Nano-Polycrystalline Diamond - An synthetic polycrystalline diamond.
|Photos of natural/un-cut material from mindat.org|
|The irradiation of a type Ia diamond,|
followed by heating at 800°C, resulted in diamonds having a yellow or orange colour. This treatment is easily detected because an absorption line
is also produced between 594 and 595 nm; this absorption is very rarely seen in a faceted natural fancy-coloured diamond. With a type Ib diamond, either natural or synthetic HPHT, irradiation followed by annealing produces a treated pink diamond.
Radiation Followed by High Temperature (c.1400 °C) can give the diamond an attractive green colour.
A tinted yellow (cape) diamond could be given a fancy canary yellow colour by HPHT processing.Following this processing, it is possible to subject the diamond to irradiation and annealing at 800 °C. It gives the diamond a pink or mauve colour.
|An enormous number of materials, both natural and artificial, have been used as diamond simulants for thousands of years.|
Glass, quartz and other gemstones have been used throughout recorded history to simulate Diamonds, but a true diamond simulant must have the high dispersion that is characteristic of diamond, and ideally be hard enough to be used as a gemstone.
lead glass - a glass with a high refractive index, has been used to simulate diamond for a very long time, it is of course much softer than diamond.
cubic zirconia, or CZ, is probably the most economically important diamond simulant, in use since the 1970s it is very similar visually to diamond but very low cost to produce.
Strontium titanate is an artificial gemstone that was used frequently as a diamond simulant from the mid 1950s until the 1970s.
Yttrium Aluminium Garnet or YAG, and Gadolinium Gallium Garnet or GGG, are two artificial garnet-type gemstones that were frequently used as diamond simulants in the early to mid 1970s, until the availability of cheap Cubic Zirconia.
Moissanite, or silicon carbide, is a much more recent synthetic gemstone, having been first produced commercially in 1998. Unlike most other diamond simulants, it has a very high hardness - second only to diamond itself in the gem world, with higher refractive index and dispersion than diamond.
|Synthetic diamond: Colourless, yellow, brown, green, blue, red, pink; Transparent; Hardness 10; RI 2.417; Opt. isotropic; SG 3.52; Perfect cleavage; Fluorescence: SW - distinct yellow, yellowish-green or whitish-yellow; Inclusions: metallic residues (partly magnetic), internal growth and colour zoning - Gemmological Tables, Ulrich Henn and Claudio C. Milisenda, 2004, p 31|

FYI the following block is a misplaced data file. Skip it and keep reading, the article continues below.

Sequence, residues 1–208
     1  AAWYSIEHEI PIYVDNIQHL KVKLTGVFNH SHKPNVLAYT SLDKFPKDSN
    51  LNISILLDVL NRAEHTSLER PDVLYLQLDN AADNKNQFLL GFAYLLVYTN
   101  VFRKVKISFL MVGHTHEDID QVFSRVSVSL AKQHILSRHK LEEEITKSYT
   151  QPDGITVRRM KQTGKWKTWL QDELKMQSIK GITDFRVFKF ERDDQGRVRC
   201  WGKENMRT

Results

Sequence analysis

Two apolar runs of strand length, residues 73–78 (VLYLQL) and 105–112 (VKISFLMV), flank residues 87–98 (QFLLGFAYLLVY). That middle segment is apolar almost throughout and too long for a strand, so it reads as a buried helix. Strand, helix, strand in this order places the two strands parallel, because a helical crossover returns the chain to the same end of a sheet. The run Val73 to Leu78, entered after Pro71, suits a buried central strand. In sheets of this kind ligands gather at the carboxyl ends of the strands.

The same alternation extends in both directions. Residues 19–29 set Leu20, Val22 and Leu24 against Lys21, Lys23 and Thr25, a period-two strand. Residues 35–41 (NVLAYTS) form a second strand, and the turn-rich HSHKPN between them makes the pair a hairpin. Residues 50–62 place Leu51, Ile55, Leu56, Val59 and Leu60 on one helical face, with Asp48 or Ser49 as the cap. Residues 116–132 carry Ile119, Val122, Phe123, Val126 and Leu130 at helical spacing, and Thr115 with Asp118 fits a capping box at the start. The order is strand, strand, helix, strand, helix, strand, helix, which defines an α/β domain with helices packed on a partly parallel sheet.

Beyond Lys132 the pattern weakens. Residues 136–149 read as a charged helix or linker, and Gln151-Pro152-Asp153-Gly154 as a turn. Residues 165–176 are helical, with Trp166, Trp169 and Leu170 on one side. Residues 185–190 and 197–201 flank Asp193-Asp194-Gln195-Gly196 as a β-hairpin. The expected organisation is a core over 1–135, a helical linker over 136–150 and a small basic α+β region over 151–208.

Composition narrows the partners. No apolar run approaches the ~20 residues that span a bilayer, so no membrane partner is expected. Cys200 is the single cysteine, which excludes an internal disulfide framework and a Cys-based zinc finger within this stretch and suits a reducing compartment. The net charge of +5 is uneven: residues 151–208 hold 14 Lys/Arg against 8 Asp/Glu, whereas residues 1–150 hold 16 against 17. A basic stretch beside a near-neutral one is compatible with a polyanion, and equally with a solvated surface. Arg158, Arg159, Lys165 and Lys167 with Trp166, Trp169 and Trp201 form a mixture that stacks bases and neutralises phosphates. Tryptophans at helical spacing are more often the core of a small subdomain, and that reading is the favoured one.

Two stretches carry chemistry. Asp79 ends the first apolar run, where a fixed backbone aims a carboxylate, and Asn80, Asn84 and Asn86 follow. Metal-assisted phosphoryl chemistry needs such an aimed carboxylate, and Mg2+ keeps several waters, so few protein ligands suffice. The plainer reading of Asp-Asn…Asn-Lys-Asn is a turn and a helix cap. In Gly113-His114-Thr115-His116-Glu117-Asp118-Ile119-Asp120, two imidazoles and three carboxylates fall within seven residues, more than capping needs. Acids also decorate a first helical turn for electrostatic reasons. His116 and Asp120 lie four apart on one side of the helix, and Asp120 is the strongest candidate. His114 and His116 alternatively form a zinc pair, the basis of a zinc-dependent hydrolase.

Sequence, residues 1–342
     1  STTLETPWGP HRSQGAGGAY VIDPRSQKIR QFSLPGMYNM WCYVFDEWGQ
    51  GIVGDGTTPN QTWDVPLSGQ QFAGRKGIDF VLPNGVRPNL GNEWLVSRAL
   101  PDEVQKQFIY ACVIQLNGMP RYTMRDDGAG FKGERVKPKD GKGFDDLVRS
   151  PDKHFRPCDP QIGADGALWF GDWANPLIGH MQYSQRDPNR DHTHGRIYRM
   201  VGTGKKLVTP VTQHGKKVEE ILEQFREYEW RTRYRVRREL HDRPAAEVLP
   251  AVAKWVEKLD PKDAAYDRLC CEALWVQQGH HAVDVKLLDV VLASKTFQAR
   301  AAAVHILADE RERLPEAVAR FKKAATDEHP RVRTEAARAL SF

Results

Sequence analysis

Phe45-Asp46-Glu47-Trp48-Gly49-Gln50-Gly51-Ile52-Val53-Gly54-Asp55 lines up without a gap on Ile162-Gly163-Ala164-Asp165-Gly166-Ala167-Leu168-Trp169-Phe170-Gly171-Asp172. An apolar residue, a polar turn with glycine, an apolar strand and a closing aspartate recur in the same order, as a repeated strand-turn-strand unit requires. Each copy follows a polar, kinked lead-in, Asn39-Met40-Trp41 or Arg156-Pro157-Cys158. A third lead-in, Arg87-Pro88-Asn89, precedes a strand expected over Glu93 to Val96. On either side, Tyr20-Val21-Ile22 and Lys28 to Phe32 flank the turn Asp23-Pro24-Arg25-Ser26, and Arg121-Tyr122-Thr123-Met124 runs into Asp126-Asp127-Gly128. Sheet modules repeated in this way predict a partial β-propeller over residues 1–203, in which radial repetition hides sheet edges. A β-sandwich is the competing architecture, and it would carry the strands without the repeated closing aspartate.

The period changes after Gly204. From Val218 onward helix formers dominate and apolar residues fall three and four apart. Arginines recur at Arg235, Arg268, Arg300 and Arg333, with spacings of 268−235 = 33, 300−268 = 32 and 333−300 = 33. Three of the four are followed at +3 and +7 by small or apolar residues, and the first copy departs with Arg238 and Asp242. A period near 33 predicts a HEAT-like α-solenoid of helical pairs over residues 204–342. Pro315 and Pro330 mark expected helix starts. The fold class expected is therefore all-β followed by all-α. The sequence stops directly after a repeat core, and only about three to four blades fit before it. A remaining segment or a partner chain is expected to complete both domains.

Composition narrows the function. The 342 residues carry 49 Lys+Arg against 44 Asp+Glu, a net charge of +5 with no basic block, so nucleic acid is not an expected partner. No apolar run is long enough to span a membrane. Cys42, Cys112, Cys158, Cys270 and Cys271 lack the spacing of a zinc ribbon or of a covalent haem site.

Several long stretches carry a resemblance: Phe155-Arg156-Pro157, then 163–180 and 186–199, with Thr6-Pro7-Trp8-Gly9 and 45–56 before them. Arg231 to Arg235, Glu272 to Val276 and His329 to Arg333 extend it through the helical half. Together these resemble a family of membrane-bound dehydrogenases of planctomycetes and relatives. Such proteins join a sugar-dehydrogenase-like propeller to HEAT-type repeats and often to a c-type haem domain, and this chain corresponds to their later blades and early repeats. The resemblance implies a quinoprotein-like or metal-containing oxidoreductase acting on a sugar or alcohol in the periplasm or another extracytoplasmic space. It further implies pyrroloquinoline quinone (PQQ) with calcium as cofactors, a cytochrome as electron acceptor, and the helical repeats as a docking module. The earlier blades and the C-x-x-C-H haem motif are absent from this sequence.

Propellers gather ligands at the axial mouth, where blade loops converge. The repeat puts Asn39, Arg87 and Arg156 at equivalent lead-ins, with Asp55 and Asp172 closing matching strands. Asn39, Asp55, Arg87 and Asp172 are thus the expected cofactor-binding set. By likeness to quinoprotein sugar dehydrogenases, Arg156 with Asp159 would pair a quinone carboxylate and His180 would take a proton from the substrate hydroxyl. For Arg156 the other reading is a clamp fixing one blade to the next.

|Physical Properties of Diamond|
|Mohs Hardness||10Blue Chart Gem Identification (2010) , More from other references|
|Specific Gravity||3.50 to 3.53Gemstones of the world (2001) , More from other references|
|Cleavage Quality||PerfectGemmological Tables (2004) , More from other references|
|Fracture||Conchoidal,SplinteryGemstones of the world (2001) , More from other references|
|Heat Sensitivity||High temperatures can induce etchings on the facets. Therefore special care must be taken during soldering!Gemstones of the world (2001) ,|
|Optical Properties of Diamond|
|Refractive Index||2.417 to 2.419Gemstones of the world (2001) , More from other references|
|Optical Character||IsotropicBlue Chart Gem Identification (2010) , Anomalous double refractionMore from other references|
|Pleochroism||NoneGemstones of the world (2001) ,|
|Dispersion||0.044Gems, Sixth Edition (2006) , More from other references|
|Colour (General)||Colorless, yellow, brown, rarely green, blue, reddish, orange blackGemstones of the world (2001) , More from other references|
|Transparency||Transparent,Translucent,OpaqueGemmological Tables (2004) , More from other references|
|Lustre||Adamantine,GreasyGems, Sixth Edition (2006) , Adamantine to greasyMore from other references|
|Fluorescence & other light emissions|
|Fluorescence (General)||Very variable: Colorless and yellow: mostly blue; Brownish and greenish: often greenGemstones of the world (2001) , More from other references|
|Fluorescence (Short Wave UV)||Weaker reaction if any. Yellow: rare weak yellow to orange. Blue: rare yellowish to bluishBlue Chart Gem Identification (2010) , More from other references|
|Fluorescence (Long-Wave UV)||Usually blue (and yellow phosphorescence). Colorless (near-colorless): tylically strong blue. Yellow: inert to strong blue, yellow (also green, rarely orange). Pink (and red): mostly blue (yellowish to orangy phosphorescence). Blue: rare orangy. Green, brown: greenBlue Chart Gem Identification (2010) , More from other references|
|Fluorescence (X-RAY)||Most diamonds show a rather uniform bluish white glow; the exceptions are those diamonds which show a yellow glow under|
UV and show a similar glow under X-rays but this is not always so.Gems, Sixth Edition (2006) ,
|Crystallography of Diamond|
|Crystal System||IsometricBlue Chart Gem Identification (2010) , More from other references|
|Habit||Mainly octahedrons, also cubes, rhombic dodecahedrons, twins, plates.Gemstones of the world (2001) , More from other references|
|Where found:||It is known to be the product of the deep-seated crystallization of ultrabasic igneous magmas which have intruded as dikes or pipes of kimberlite or lamproiteGems, Sixth Edition (2006) ,|
|Inclusions in Diamond|
|Inclusions: olivine, garnet, diopside, graphite, tension and cleavage cracks, growth zoning, twinning lamellaes - Gemmological Tables, Ulrich Henn and Claudio C. Milisenda, 2004, p 31|
|Mineral information:||Diamond information at mindat.org|
|Significant Gem Localities|